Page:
Dickinson copied this poem into Fascicle 22 in the 17th position in late 1862, just after the previous poem. it is written in the common meter and has several significant word and phrase variants.
Explicitly written from a “postexperiential perspective” as Vivian Pollak calls it, this poem is about measuring one’s response to grief and loss over time. It unsettles us almost immediately with the term “good.” Is it good to look back on grief because that means the grief is in the past? But is it really “good” (positive, healthy, advantageous)
To re-endure a Day –
We thought the mighty
Of all conceived Joy –
Dickinson’s variant for “mighty” is “monstrous,” which intensifies the extent and negative effect of the loss. The word “Funeral” links the experience to “I felt a Funeral in my Brain” and the funerary images of “After great pain a formal feeling comes,” two key poems in the sub-genre of “aftermath.” The use of “we” implies that Dickinson is making a general observation. But how is this re-experiencing “good,” or is that word meant ironically?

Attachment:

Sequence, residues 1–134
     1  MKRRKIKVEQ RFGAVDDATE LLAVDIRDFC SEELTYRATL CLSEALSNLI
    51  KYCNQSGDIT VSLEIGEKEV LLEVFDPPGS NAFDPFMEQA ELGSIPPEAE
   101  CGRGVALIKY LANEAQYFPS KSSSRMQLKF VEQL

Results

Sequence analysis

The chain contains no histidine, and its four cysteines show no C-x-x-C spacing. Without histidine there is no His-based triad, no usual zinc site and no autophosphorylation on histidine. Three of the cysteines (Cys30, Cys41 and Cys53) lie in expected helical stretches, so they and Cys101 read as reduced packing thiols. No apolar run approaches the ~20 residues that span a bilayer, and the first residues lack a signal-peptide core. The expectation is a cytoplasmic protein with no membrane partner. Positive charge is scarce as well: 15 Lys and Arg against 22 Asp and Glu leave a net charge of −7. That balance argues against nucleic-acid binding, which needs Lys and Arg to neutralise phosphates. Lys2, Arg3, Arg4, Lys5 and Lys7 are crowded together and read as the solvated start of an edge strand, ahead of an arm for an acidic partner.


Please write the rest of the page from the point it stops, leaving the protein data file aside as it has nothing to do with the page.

The second stanza details the recollection of “the mighty/monstrous Funeral” that took place in summer and threw everything into stark clarity, especially the individual blades of “Busy Grass” growing merrily over the headstone of the dead until “none could see the stone.” But the terms Dickinson uses for this growth suggest a violation, even sexual violation, of this process or those who care about it: “meddle” and its variant “tamper.” We might compare the tone and mood in this poem to Whitman's similar image from “Song of Myself” Section VI:
A child said, What is the grass? fetching it to me with full
How could I answer the child? …
And now it seems to me the beautiful uncut hair of graves.